Lot # 69: Early 1900's Robert Forgan, Smith Neck Anti-shank iron w/Heel & Toe Weight

Starting Bid: $100.00

Bids: 19 (Bid History)

Time Left: Auction closed
Lot / Auction Closed




This lot is closed. Bidding is not allowed.

Item was in Auction "Spring 2021",
which ran from 3/3/2021 12:00 PM to
3/20/2021 8:00 PM



Smith-neck anti-shank irons were popular clubs and made by various makers.  The club offered here is stamped "GF Smith's Patent" in an oval as well as "R. Forgan Maker, St.Andrews" with the King's crown cleekmark.  "Mitchel & Co, Manchester," which is also stamped on the head, was the retailer who sold the club.  Mitchel likely ordered if from Forgan. The shaft is also stamped "R. Forgan & Son, St. Andrews."

According to the auctioneer's research, George Francis Smith never actually received a patent for a golf club.  He only applied for one patent during his life, on Oct. 27, 1897, and it is not known what that patent application covered.  Smith, however, was not the only clubmaker to claim a patent for a club design when, in fact, the process was never completed. 

According to a review of his club in the April 1903 issue of Golf (ny), to create his anti shank iron Smith bent back the lower half of the hosel and attached it to the top of the blade while keeping the top half of the hosel aligned with the leading edge. He placed weight behind both the heel and toe, to better balance the club and to "counteract any inaccuracy in striking with either of these portions of the club." This heel and toe weighting is obvious when one views the back of the head. The back is dramatically curved. It is at its thickest behind the heel and toe and  its thinnest behind the middle of the face.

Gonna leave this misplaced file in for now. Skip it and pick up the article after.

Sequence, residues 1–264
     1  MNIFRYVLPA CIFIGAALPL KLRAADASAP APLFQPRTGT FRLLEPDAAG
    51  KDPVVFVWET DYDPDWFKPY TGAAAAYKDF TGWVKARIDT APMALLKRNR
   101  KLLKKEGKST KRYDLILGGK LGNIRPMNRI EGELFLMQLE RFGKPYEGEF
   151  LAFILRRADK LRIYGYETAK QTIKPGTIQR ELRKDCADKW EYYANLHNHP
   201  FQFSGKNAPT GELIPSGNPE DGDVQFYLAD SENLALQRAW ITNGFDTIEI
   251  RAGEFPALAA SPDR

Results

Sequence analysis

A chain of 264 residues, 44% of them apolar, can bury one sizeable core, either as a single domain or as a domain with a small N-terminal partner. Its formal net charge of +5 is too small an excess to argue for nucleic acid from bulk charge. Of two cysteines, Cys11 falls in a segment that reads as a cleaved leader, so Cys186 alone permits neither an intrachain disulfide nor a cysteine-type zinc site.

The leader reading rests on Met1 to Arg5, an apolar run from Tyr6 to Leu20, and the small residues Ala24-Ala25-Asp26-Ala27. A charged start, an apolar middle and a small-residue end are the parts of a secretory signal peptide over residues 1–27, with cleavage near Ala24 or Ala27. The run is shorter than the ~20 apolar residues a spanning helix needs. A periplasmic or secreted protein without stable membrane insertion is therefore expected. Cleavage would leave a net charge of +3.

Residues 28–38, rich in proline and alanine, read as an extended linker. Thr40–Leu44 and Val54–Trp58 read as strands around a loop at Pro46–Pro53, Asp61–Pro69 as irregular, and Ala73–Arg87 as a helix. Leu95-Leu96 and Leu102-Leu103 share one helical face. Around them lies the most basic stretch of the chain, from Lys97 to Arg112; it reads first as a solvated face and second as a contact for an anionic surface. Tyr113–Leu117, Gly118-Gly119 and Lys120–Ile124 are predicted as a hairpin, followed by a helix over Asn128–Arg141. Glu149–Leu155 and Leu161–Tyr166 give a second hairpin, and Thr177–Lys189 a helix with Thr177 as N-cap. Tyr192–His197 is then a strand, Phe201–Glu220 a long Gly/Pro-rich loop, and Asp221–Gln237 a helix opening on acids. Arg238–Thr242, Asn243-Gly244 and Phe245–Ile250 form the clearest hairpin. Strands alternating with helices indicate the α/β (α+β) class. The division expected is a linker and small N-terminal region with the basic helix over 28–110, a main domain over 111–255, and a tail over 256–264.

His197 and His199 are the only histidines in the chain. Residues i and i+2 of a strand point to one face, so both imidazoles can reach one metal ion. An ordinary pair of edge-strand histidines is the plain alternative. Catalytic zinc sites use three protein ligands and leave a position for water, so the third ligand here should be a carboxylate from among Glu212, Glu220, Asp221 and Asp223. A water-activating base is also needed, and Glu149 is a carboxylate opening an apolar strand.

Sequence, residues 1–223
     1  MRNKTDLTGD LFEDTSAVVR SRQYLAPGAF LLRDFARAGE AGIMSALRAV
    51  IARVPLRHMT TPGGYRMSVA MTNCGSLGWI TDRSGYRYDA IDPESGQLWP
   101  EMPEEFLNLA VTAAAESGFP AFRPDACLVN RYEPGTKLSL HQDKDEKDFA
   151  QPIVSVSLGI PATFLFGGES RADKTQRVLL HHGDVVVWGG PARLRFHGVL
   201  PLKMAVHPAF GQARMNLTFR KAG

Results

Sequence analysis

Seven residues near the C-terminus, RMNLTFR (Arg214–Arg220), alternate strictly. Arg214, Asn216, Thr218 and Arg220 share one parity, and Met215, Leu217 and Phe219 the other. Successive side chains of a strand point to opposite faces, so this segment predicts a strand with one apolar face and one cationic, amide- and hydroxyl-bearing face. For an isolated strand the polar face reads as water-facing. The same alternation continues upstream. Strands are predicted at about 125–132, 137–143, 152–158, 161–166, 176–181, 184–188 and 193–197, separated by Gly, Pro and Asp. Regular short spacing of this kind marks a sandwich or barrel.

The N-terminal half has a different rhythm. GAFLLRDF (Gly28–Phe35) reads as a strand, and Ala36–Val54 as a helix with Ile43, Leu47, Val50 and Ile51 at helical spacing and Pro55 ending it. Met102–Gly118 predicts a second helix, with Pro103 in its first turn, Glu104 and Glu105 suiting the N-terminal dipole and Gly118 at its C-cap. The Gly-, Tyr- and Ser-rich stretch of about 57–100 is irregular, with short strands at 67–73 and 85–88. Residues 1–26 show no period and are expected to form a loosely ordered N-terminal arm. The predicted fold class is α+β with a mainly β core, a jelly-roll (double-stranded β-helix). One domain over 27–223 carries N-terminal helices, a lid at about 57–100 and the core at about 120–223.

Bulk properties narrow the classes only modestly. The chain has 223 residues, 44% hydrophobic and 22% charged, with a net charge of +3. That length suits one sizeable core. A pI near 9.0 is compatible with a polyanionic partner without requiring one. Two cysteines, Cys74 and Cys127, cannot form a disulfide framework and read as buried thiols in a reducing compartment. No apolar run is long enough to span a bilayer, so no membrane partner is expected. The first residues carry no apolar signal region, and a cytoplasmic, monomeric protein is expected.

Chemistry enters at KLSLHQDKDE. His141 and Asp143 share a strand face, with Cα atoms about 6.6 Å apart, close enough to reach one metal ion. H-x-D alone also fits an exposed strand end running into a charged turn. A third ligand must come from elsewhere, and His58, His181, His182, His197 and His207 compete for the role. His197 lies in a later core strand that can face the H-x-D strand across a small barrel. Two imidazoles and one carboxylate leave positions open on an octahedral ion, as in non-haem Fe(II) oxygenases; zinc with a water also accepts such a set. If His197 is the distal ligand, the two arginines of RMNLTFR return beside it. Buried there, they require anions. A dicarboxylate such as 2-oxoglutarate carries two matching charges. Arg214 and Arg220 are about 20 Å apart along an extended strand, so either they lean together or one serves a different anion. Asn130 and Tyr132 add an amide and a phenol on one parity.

In Golf's long history, George Smith was one of the first people—if not the first—to explore heel and toe weighting.  The auctioneer does not know of anybody who did so before him.  The 35 1/2" shaft is original as is the leather wrap grip which is missing a small piece roughly the size of a quarter. Not only is this a historic club of sorts, it really strikes a pose!

This club is shown at the top in the accompanying group picture.  For more info, see TCA2 V1 p 191.

 

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